FIG. 4c shows a signal which is representative of the high frequency or detail information of the video input signal shown in FIG. 4a. (This example shows a case where equal weighting has been applied to the center pixel and to the average of surrounding pixels, so that all the background information has been removed.) Such a signal will typically be found at the output of the combination device 116.
FIG. 4d shows an enhanced version of the input video signal (shown in 4a), which will be produced at the output of sync addition circuit 134 by the combination of background information 109 (as shown in FIG. 4b), detail information 117 (as shown in FIG. 4c), and sync pulses 402 (re-inserted by sync addition circuit 134).
FIG. 2 shows another embodiment of the present invention. This embodiment is a more general version of the embodiment shown in FIG. 1, in that the embodiment shown in FIG. 2 may be utilized with a variety of enhancement algorithms performed on an arbitrary set of pixels. The line delay devices (200, 202, etc.), the pixel delay devices (204, 206, 208, 210, 212, 214, etc.), the timing recovery devices 218 and 220, the phase comparator 222, and the clock device 224 are similar in operation to those previously described.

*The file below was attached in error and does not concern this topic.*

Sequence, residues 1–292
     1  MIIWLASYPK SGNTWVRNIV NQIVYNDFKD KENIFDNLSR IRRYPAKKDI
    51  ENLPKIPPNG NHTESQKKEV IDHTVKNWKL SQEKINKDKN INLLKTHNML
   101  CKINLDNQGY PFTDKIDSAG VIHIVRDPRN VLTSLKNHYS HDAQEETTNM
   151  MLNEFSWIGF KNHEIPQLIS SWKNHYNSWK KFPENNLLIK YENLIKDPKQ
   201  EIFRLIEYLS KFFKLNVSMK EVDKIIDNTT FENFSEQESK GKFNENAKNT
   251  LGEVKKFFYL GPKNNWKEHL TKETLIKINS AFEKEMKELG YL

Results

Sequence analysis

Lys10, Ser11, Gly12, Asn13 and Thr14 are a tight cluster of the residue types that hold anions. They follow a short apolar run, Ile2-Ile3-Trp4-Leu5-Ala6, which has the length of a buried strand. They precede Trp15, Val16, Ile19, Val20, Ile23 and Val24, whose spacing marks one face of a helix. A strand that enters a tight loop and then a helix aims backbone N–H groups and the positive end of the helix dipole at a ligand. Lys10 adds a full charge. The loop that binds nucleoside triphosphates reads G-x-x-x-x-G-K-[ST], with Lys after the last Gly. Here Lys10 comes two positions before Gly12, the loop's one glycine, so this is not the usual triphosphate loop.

The dashed lines indicate that an arbitrary number of line delay devices and pixel delay devices may be utilized to produce an arbitrary size (M×N) grid of pixels. (The dashed lines at the output signal from the clock device 224 are intended to indicate that this signal should be applied to each line delay device utilized.) It should be understood that the embodiment shown in FIG. 2 is but one example of the variety of configurations in which the signal delay devices may be connected.